Join Bob McGannon for an in-depth discussion in this video Learning how to communicate, part of Managing Virtual Teams.
Let's say your sister just had her first baby. You may have sent a text to your other siblings to let them know, maybe even called your mother to share the news, and that evening you might email your friends. Just like communicating with your immediate family and your friends, it is probably appropriate to use different forms of communication for the individuals on your team. First, let's begin with the how and the when of communication methods. To help you be more effective with your team, here are a few tips for certain kinds of communication.
I'll start with email. This is a great way to arrange meetings and send updates to a group of two or more people. A handy rule of thumb when it comes to email is the five sentence rule. Basically, any email you can't write in five sentences or less might be more effectively shared via a phone call. Speaking of phone calls, sometimes you might need to share lots of details which might translate to lots of to-dos for your team.
Phone conversations can allow time to ask questions and clarify things on the spot, which actually might save you time in the long run since you're avoiding the back and forth of emails. Next let's consider texting. This is a great way to do quick sharing of little bits of information. You can use a text message for anything from saying, "Running late," or "Do you have time to chat today?" If you choose to use text messages as part of your team's communication, ensure your team is prepared to receive texts by keeping their phones with them during work hours.
Lastly, there is the powerful virtual conference. Using a virtual conference facility for your team meetings can help you get input and participation from all of your team members as well as help create and reinforce a sense of connection. Managing any team requires providing people with feedback on their deliverables and overall performance. As this is so important to do well, here are suggestions to help you give successful feedback. First, do it in person.
In a remote environment, in-person means absolutely not over email. You can use Skype, or a virtual conference facility, or the telephone if no better vehicle is available. Using these richer tools can help ensure feedback is received in the way you intended it. Next, apply balance. There are probably things your employees are doing well that they should keep doing. It is important with remote employees that they understand the positive along with the constructive criticism.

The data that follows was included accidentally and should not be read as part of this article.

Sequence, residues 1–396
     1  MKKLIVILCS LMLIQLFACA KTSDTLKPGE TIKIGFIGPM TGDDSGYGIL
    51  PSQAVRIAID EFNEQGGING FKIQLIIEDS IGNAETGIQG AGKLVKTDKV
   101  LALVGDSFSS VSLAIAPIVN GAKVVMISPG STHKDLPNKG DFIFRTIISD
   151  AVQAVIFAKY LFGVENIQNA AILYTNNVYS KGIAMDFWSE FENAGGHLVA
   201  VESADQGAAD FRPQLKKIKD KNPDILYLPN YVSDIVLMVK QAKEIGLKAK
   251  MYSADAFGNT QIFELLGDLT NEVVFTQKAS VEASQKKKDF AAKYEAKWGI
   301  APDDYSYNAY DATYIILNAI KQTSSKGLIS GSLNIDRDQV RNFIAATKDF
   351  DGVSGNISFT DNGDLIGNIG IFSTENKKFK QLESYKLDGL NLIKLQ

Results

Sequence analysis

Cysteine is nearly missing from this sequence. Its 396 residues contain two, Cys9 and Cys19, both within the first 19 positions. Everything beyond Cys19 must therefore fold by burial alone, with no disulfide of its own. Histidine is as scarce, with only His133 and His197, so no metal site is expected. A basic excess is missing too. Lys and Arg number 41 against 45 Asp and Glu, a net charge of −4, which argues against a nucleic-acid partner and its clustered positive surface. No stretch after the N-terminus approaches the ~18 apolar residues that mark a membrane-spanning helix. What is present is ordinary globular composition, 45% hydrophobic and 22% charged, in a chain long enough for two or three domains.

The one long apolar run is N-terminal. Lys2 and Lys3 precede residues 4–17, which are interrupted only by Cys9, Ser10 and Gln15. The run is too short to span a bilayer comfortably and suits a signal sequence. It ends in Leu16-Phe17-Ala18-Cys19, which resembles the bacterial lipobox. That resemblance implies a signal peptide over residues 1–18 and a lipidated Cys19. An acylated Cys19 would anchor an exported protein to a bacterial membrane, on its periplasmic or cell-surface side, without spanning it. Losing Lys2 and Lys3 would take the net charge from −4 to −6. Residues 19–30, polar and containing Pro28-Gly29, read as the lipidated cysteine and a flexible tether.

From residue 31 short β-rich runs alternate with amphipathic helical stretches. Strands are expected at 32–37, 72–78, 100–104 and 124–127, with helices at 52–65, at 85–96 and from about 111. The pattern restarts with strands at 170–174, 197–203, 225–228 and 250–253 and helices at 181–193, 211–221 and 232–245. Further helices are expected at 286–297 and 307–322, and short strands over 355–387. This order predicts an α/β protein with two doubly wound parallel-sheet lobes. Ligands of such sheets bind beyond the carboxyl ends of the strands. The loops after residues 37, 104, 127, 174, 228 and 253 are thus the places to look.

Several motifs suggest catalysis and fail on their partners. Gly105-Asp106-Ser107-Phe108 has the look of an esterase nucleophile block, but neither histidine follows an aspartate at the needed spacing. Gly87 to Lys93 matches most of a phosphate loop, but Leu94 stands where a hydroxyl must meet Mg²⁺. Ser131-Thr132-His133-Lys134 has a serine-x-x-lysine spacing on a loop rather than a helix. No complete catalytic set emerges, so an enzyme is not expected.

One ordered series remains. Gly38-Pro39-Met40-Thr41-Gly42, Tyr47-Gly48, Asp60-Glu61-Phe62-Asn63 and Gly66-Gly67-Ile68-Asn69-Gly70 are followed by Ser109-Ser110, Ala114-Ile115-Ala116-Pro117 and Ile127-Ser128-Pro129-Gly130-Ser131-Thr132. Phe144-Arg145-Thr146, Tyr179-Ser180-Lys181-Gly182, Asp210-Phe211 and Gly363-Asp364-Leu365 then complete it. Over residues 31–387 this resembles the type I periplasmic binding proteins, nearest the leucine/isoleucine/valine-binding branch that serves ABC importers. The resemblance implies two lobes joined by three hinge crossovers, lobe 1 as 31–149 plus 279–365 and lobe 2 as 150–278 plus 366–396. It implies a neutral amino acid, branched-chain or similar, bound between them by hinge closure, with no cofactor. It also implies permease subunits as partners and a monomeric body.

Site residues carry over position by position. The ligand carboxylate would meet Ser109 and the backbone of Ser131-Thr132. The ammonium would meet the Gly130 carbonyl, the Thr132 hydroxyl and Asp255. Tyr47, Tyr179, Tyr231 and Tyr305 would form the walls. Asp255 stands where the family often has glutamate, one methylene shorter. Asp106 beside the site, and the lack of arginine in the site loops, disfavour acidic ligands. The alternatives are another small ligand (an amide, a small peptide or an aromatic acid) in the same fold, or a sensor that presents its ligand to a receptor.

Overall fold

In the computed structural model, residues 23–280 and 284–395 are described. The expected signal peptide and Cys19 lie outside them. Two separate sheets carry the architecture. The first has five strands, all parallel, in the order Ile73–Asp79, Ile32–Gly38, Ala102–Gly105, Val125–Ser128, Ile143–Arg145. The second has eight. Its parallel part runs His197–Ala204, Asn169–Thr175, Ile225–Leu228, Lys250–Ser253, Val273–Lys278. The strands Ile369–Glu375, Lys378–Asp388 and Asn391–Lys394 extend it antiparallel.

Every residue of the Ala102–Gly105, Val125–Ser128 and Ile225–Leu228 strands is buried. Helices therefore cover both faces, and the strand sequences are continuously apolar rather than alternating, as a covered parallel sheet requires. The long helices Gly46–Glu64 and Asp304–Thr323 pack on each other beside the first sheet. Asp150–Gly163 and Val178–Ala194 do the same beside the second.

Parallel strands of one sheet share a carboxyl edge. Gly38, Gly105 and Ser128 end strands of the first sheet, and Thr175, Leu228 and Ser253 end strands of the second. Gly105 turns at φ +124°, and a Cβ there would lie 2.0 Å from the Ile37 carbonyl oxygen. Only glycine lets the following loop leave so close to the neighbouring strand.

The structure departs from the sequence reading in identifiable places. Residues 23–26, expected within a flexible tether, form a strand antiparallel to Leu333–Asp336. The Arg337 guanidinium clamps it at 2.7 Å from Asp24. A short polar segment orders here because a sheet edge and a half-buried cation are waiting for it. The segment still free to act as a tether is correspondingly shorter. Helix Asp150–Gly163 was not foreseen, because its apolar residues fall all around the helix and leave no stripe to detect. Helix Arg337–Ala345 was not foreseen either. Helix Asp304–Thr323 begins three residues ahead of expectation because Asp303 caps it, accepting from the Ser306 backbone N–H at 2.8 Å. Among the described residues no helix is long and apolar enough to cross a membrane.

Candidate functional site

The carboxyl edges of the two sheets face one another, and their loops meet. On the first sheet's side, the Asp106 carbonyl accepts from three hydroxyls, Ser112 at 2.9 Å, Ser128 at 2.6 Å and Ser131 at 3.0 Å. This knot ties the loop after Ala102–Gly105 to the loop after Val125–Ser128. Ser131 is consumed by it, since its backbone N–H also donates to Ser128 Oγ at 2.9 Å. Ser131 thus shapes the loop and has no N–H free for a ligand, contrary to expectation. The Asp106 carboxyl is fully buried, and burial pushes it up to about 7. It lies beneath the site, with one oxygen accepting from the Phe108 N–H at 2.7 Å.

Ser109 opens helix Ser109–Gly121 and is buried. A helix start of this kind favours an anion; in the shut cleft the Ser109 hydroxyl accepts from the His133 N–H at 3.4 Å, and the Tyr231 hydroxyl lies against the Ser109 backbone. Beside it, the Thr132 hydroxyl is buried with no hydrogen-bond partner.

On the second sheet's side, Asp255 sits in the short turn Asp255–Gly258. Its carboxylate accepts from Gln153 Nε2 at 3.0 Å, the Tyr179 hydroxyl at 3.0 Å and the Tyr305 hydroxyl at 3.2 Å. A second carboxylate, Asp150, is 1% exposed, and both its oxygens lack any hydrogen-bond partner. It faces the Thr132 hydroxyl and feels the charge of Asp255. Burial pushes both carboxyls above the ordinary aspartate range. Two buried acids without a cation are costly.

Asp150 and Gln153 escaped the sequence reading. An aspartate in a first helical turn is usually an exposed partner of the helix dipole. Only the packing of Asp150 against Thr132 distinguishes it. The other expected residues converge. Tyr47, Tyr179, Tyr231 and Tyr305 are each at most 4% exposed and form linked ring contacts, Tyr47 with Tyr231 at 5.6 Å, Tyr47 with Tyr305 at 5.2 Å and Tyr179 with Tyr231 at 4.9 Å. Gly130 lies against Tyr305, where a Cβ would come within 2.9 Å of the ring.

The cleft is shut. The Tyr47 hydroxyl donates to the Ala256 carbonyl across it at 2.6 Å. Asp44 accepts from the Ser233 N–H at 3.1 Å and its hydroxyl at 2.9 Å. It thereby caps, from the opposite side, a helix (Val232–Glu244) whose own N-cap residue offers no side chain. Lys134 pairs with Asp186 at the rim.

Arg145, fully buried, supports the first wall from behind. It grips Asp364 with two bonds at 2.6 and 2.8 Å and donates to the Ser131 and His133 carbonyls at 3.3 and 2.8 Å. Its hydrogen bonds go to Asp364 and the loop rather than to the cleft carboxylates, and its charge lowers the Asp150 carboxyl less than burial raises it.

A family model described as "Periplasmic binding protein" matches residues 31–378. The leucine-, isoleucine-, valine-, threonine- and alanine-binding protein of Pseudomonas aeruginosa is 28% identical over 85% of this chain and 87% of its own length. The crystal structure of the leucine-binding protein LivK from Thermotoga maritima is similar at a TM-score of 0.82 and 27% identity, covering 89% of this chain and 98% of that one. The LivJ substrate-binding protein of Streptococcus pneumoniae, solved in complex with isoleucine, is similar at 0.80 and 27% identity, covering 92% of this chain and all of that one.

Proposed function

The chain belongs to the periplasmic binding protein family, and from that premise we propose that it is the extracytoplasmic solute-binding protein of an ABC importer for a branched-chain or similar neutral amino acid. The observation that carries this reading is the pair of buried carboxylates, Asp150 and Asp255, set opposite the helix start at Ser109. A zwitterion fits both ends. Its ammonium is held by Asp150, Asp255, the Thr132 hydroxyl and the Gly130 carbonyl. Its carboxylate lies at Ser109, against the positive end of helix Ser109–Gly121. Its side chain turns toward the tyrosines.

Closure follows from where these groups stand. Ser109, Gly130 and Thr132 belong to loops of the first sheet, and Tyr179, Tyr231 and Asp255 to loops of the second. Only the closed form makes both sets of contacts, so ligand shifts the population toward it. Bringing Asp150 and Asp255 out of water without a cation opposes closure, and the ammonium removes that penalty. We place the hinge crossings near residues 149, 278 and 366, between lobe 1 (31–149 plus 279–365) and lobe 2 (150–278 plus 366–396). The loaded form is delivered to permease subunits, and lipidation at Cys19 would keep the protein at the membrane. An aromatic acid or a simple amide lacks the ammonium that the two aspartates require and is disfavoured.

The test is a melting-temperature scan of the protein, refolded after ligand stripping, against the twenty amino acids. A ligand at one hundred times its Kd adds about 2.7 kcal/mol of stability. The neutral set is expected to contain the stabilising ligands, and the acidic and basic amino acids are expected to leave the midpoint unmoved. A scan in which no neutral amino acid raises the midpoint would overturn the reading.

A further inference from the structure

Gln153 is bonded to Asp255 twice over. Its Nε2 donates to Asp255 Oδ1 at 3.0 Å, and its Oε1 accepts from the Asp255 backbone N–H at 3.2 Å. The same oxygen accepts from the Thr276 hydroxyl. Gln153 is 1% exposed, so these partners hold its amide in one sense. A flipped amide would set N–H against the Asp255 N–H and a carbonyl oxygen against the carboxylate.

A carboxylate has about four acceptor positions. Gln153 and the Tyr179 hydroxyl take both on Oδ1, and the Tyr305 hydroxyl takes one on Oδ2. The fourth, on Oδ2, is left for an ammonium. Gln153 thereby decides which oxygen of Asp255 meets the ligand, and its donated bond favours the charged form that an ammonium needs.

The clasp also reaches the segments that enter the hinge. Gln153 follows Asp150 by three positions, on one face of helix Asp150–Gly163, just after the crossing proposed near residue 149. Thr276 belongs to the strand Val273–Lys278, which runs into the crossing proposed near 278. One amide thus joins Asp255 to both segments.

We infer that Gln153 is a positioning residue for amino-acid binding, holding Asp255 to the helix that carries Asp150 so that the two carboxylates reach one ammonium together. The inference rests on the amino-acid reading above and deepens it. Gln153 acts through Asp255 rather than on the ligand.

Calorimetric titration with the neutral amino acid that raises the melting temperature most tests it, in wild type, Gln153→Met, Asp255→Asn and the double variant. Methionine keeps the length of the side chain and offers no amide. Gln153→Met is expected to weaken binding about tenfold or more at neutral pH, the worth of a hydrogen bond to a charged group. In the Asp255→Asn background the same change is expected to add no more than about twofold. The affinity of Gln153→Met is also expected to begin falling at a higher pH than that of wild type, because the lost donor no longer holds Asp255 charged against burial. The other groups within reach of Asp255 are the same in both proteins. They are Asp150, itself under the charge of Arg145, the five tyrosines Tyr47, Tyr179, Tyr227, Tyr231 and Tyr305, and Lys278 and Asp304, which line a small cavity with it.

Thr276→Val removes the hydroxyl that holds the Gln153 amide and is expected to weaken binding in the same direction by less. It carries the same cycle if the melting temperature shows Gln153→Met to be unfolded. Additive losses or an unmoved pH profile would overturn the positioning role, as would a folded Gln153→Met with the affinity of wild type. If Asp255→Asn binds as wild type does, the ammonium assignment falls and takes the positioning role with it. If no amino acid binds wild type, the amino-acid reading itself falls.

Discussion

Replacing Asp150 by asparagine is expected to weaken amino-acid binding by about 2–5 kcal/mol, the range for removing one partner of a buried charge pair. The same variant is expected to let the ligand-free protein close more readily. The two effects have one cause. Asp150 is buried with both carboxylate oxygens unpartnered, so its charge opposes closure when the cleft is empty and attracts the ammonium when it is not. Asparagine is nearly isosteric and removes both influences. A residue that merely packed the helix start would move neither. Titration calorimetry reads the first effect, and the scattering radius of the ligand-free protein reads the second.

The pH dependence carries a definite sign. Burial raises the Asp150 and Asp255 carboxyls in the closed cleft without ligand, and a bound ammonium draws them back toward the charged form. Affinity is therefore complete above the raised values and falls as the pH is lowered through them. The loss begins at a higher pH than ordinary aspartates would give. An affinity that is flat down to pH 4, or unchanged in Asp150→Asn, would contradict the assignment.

Don't assume they know what you think they're doing right. Lastly, co-evaluate. If you're giving feedback about something, start with the following question. What do you think worked and didn't work? And discuss their answers with them. You might be pleasantly surprised to find you both have similar things to say. Again, with the lack of feedback one gets from not seeing other people, perceptions of success can get distorted.
A third and final consideration is time zones. Two quick tips. First, compromise. Alternate your meetings. With every meeting, make the meeting time more convenient for certain team members and less so for others. Two, consider off-shift work. Although not prevalent, ask if people are fine with working off shift because in certain instances it can facilitate personal things such as child care. Don't assume this would be considered unfavorable by your team members.
It can't hurt to ask. Consciously picking your communication approach based on what you're trying to share, who you are communicating with, and under what circumstances is an important consideration when you're managing remote team members.
Discover how to build rapport, set mutual expectations, communicate, connect, overcome conflict, get work done, and grow the team. Also included is a look at the top five challenges managers face in leading remote teams and helpful solutions that will get your team on track.
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